Thirteen years ago I was helping a friend produce a radio show. We had a hilarious yarn – an interview with a couple who’d just got married after meeting on the internet. Today, who doesn’t know someone who met their significant other on RSVP?
When it comes to new media and the election campaign, most journalists are where we were back in 1994. They’re reporting on a novelty.
In the Sydney Morning Herald today, we read that Australia’s first user-generated YouTube election debate will be held next month in Eden-Monaro. The public will be able to put questions to the candidates via YouTube. From the Media section of the Oz we learn that MySpace users are being invited to ask federal politicians questions via video and have them answered on Ten’s Meet the Press program each Sunday.
Swinging voters in Eden-Monaro, of course, have been hanging around their webcams for months waiting for this opportunity. Not.
New media has a broad role to play in political campaigns, involving mobilisation, participation, communications, accountability, breaking news and fundraising. It poses as many challenges for old media as it does for the political parties themselves. Both are failing. New media campaigns should work like any other media campaigns. They need to engage voters. That isn’t happening now.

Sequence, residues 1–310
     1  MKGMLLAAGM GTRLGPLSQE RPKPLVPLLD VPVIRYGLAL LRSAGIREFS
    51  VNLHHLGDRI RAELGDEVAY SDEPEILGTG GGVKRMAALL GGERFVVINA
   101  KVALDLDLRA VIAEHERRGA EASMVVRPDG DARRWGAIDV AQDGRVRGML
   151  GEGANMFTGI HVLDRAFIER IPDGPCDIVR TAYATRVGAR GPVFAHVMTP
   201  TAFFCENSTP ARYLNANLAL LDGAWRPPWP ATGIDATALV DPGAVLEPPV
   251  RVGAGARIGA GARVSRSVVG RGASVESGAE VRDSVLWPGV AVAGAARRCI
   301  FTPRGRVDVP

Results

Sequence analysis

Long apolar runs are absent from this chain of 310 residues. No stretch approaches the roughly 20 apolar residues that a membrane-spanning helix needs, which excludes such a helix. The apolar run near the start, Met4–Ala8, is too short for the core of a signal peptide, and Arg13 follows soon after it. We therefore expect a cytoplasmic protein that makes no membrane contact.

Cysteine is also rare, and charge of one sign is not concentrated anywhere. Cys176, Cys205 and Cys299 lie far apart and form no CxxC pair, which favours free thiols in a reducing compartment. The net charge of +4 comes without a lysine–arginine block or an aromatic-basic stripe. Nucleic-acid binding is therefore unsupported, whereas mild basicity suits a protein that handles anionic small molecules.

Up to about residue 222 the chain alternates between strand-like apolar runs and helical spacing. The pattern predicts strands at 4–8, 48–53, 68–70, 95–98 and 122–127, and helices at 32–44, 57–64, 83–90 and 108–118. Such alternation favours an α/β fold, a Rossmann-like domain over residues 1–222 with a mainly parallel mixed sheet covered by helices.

The parties are offering some shiny toys to engage the tech tragics and political works – and score some favourable coverage in the old media for themselves based on the novelty value of their ventures in the field. They’re getting hip with teh kidz on teh interwebs. They’re not winning many votes, though.
Perhaps the most interesting online venture by our major political parties is Labor’s ALP Abroad site, targeted at “the 1 million Australians who live, work and study overseas”.
As Matthew Marks writes in the Crikey Guide to the 2007 Election, “Despite the ever growing numbers of Australian expats, only 68,544 votes were recorded outside the country in 2004. The largest polling booth in that election was in London, with 20,716 votes recorded, but this was a fraction of the number of Australians who were either living or holidaying in London at the time.” Those votes are worth chasing.
Matthew also observes: “Mobilisation… is more than simply getting people to a polling booth. Mobilisation is also getting party members enthused and critically, getting non-members interested enough to join.”
Yesterday, our media fell for a fake attack ad posted by a YouTube user with a taste for Austral verse that makes John Laws look like Les Murray. That’s how sophisticated the coverage of new media and campaigning in Australia is now.